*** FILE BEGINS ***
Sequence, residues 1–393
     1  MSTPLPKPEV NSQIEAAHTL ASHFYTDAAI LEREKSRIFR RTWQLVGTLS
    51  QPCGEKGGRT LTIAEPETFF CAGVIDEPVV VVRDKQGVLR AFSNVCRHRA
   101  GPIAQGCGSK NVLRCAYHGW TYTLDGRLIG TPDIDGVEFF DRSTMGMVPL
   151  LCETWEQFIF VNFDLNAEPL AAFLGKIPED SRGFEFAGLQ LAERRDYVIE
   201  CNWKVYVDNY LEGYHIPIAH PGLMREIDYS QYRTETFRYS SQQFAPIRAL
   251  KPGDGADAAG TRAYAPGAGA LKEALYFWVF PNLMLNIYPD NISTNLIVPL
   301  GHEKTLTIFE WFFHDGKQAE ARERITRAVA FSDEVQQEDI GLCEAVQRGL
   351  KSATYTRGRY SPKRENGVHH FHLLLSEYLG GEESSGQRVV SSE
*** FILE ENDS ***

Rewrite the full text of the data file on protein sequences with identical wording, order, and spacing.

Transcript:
Sequence, residues 1–393
     1  MSTPLPKPEV NSQIEAAHTL ASHFYTDAAI LEREKSRIFR RTWQLVGTLS
    51  QPCGEKGGRT LTIAEPETFF CAGVIDEPVV VVRDKQGVLR AFSNVCRHRA
   101  GPIAQGCGSK NVLRCAYHGW TYTLDGRLIG TPDIDGVEFF DRSTMGMVPL
   151  LCETWEQFIF VNFDLNAEPL AAFLGKIPED SRGFEFAGLQ LAERRDYVIE
   201  CNWKVYVDNY LEGYHIPIAH PGLMREIDYS QYRTETFRYS SQQFAPIRAL
   251  KPGDGADAAG TRAYAPGAGA LKEALYFWVF PNLMLNIYPD NISTNLIVPL
   301  GHEKTLTIFE WFFHDGKQAE ARERITRAVA FSDEVQQEDI GLCEAVQRGL
   351  KSATYTRGRY SPKRENGVHH FHLLLSEYLG GEESSGQRVV SSE